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Pless, M & Sørensen, NU 2016, 'Picture perfect: Self Construction, Perfection and Performance Culture in two qualitative studies ', Nordic Youth Research Symposium 12 (NYRIS 12) , Tallinn, Estland, 12/06/2013 - 14/06/2013.

Picture perfect : Self Construction, Perfection and Performance Culture in two qualitative studies . / Pless, Mette; Sørensen, Niels Ulrik.

2016. Abstract fra Nordic Youth Research Symposium 12 (NYRIS 12) , Tallinn, Estland.

Publikation: Konferencebidrag uden forlag/tidsskriftKonferenceabstrakt til konferenceForskningpeer review

TY - ABST

T1 - Picture perfect

T2 - Self Construction, Perfection and Performance Culture in two qualitative studies

AU - Pless, Mette

AU - Sørensen, Niels Ulrik

PY - 2016/6

Y1 - 2016/6

N2 - ’Picture perfect’ – when perfection becomes the new normal This paper draws on perspectives from three different studies. One study, which focuses on youth life and lack of well-being (Sørensen et al 2011), one study on youth life on the margins of society (Katznelson et al 2015) and one study on young people and school motivation (Pless et al 2015). Across the different studies and the different groups of young people, we have identified a number of common traits in the young people’s narratives on youth, school and everyday life. One common denominator is a seemingly increasingly narrow concept of normality, where the normal and the perfect tend to blend together. Where perfection earlier was perceived as an unachievable ideal, today it seems to have become a standard, which young people are trying to meet (Sørensen & Nielsen 2014). The studies point to developments within youth life towards a performance-culture, where it is through performing (perfectly), that one becomes acknowledged as a young person, and where top-performances and the ability to position oneself as a ’winner’ is accentuated in young people’s narratives (Sørensen et al 2013, Jackson 2006). In the paper we ask how – and to what extent – performance-culture, and following from this, the narrow concept of normality, is something that different young people relate and define themselves in relation to. At the same time we maintain a focus on how common social demands and structurations affect and are managed by different young people in different social positions. We thus explore, how different young people take on, deal with or reject and formulate tentative alternatives to these ideals and cultural norms: from young people for whom an outside position is part of everyday life, to young people, who, at least offhand, occupy attractive positions in youth- and school life.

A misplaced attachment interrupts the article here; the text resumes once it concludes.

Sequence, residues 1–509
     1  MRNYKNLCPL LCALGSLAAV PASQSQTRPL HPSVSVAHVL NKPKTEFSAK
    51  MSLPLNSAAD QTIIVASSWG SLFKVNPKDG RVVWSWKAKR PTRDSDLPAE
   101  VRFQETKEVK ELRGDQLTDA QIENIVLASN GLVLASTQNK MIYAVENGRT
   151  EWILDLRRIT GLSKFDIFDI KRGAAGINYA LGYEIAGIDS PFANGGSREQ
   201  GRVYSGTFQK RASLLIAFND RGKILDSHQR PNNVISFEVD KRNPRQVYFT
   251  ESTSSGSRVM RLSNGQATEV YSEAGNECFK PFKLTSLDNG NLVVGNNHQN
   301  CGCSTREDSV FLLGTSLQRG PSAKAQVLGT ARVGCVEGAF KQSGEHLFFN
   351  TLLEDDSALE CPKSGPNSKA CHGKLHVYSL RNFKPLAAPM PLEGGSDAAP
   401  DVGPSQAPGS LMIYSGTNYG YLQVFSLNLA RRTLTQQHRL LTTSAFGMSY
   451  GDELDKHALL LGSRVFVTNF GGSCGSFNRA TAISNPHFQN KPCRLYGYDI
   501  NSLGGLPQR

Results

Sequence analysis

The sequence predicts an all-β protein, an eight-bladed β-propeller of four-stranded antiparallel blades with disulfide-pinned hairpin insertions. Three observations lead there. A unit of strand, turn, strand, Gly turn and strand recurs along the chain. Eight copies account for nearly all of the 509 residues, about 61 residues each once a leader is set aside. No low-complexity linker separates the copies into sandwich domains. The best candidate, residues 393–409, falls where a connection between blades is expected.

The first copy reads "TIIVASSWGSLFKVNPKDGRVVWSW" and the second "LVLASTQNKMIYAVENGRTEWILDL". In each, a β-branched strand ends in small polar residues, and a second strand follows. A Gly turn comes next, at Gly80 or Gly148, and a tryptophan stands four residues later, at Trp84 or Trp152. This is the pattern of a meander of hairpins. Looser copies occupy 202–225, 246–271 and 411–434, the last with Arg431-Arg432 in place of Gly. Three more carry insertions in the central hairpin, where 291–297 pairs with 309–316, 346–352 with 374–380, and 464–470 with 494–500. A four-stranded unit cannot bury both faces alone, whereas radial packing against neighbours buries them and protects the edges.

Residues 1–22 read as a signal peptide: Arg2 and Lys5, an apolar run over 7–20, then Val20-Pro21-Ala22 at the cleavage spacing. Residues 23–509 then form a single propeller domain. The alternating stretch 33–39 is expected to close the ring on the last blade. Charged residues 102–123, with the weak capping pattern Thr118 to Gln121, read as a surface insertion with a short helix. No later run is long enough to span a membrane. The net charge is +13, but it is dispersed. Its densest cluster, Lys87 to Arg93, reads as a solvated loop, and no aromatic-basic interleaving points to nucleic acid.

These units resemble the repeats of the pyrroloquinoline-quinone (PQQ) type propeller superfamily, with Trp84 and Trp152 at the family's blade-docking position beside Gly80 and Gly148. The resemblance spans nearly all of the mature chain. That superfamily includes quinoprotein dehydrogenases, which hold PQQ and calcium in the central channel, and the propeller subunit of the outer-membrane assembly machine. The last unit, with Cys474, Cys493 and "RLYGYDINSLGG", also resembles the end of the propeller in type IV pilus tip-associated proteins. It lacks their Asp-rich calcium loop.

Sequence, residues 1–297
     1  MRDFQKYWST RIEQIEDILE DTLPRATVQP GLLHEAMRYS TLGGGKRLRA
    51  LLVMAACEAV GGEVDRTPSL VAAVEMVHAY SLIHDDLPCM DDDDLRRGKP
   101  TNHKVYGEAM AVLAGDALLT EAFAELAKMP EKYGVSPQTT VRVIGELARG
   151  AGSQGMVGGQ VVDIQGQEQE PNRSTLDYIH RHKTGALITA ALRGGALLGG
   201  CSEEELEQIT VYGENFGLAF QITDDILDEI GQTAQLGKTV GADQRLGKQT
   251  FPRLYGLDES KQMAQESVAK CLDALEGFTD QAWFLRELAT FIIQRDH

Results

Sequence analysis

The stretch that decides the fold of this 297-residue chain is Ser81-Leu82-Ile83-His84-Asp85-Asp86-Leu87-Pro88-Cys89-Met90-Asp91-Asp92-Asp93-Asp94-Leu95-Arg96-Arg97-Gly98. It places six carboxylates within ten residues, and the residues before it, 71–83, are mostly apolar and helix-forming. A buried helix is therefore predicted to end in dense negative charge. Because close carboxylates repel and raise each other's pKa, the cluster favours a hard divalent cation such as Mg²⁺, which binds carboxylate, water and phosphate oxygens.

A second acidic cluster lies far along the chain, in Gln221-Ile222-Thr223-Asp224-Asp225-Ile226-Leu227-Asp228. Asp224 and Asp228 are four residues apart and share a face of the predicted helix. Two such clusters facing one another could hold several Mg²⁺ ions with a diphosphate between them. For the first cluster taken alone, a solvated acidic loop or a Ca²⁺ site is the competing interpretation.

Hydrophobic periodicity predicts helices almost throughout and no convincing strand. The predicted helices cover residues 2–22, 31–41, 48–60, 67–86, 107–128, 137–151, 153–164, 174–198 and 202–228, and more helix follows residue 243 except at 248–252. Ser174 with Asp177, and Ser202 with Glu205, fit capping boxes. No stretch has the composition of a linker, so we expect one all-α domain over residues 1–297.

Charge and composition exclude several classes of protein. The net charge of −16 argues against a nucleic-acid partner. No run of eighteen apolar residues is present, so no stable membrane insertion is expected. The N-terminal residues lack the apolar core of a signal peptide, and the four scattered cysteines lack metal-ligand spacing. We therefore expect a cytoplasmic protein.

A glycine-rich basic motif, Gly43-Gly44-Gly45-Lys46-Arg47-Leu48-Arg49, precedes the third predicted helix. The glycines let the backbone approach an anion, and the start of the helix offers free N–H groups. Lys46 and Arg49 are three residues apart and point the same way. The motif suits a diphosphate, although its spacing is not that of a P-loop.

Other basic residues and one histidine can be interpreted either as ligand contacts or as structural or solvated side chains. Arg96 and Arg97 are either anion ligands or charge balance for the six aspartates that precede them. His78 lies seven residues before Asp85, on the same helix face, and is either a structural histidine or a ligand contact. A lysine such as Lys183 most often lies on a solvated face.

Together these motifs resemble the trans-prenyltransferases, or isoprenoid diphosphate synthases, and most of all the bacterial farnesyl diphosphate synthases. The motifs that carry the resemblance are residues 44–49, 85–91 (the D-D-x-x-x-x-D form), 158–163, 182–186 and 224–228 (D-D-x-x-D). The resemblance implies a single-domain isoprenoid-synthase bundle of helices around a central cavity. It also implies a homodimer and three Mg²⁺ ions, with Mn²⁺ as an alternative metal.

AB - ’Picture perfect’ – when perfection becomes the new normal This paper draws on perspectives from three different studies. One study, which focuses on youth life and lack of well-being (Sørensen et al 2011), one study on youth life on the margins of society (Katznelson et al 2015) and one study on young people and school motivation (Pless et al 2015). Across the different studies and the different groups of young people, we have identified a number of common traits in the young people’s narratives on youth, school and everyday life. One common denominator is a seemingly increasingly narrow concept of normality, where the normal and the perfect tend to blend together. Where perfection earlier was perceived as an unachievable ideal, today it seems to have become a standard, which young people are trying to meet (Sørensen & Nielsen 2014). The studies point to developments within youth life towards a performance-culture, where it is through performing (perfectly), that one becomes acknowledged as a young person, and where top-performances and the ability to position oneself as a ’winner’ is accentuated in young people’s narratives (Sørensen et al 2013, Jackson 2006). In the paper we ask how – and to what extent – performance-culture, and following from this, the narrow concept of normality, is something that different young people relate and define themselves in relation to. At the same time we maintain a focus on how common social demands and structurations affect and are managed by different young people in different social positions. We thus explore, how different young people take on, deal with or reject and formulate tentative alternatives to these ideals and cultural norms: from young people for whom an outside position is part of everyday life, to young people, who, at least offhand, occupy attractive positions in youth- and school life.

UR - https://www.tlu.ee/UserFiles/Rahvusvaheliste%20ja%20Sotsiaaluuringute%20Instituut/conferencebookweb.pdf

M3 - Conference abstract for conference

ER -

Pless M, Sørensen NU. Picture perfect: Self Construction, Perfection and Performance Culture in two qualitative studies . 2016. Abstract fra Nordic Youth Research Symposium 12 (NYRIS 12) , Tallinn, Estland.